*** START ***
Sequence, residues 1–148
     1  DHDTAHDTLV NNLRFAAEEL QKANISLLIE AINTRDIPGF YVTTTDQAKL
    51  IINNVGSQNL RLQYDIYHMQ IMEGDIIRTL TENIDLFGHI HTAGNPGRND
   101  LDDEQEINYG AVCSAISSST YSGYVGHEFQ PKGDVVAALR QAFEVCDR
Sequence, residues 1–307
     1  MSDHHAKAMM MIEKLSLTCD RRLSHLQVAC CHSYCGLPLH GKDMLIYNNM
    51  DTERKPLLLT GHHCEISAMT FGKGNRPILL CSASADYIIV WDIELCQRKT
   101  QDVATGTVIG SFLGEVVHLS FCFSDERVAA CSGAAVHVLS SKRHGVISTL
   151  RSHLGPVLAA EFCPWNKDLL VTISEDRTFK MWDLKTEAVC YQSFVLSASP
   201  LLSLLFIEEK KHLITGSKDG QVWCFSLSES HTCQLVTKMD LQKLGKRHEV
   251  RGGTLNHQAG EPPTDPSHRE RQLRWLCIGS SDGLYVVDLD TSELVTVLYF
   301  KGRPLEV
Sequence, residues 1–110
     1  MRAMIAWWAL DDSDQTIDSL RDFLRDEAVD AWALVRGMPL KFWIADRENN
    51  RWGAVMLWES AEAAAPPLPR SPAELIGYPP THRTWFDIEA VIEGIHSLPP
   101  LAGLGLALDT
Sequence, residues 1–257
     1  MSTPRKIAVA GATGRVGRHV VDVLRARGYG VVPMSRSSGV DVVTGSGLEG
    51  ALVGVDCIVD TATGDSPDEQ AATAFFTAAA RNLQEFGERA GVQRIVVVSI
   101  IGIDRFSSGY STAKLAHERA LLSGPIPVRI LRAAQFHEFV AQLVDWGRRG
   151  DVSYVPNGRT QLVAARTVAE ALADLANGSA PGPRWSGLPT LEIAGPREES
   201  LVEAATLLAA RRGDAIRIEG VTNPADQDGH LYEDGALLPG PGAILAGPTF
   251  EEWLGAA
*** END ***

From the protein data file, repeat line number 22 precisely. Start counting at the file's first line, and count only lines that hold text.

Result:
   201  LVEAATLLAA RRGDAIRIEG VTNPADQDGH LYEDGALLPG PGAILAGPTF